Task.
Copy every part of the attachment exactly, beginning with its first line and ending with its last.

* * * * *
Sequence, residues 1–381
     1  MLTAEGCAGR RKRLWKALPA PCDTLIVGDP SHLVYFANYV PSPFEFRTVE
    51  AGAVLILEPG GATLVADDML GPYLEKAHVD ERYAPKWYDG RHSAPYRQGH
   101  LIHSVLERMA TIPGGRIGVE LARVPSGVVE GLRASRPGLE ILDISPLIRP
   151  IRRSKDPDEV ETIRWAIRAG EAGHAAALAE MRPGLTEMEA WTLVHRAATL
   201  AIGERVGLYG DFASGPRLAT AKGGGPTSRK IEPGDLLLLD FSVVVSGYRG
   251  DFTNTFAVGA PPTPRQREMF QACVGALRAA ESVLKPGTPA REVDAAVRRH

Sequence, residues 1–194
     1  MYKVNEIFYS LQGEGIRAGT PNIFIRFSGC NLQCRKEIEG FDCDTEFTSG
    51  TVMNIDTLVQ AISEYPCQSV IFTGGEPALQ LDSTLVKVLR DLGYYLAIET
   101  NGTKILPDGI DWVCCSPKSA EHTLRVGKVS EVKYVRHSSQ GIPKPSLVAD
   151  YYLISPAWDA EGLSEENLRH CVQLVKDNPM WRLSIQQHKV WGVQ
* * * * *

Sequence, residues 1–381
     1  MLTAEGCAGR RKRLWKALPA PCDTLIVGDP SHLVYFANYV PSPFEFRTVE
    51  AGAVLILEPG GATLVADDML GPYLEKAHVD ERYAPKWYDG RHSAPYRQGH
   101  LIHSVLERMA TIPGGRIGVE LARVPSGVVE GLRASRPGLE ILDISPLIRP
   151  IRRSKDPDEV ETIRWAIRAG EAGHAAALAE MRPGLTEMEA WTLVHRAATL
   201  AIGERVGLYG DFASGPRLAT AKGGGPTSRK IEPGDLLLLD FSVVVSGYRG
   251  DFTNTFAVGA PPTPRQREMF QACVGALRAA ESVLKPGTPA REVDAAVRRH

Sequence, residues 1–194
     1  MYKVNEIFYS LQGEGIRAGT PNIFIRFSGC NLQCRKEIEG FDCDTEFTSG
    51  TVMNIDTLVQ AISEYPCQSV IFTGGEPALQ LDSTLVKVLR DLGYYLAIET
   101  NGTKILPDGI DWVCCSPKSA EHTLRVGKVS EVKYVRHSSQ GIPKPSLVAD
   151  YYLISPAWDA EGLSEENLRH CVQLVKDNPM WRLSIQQHKV WGVQ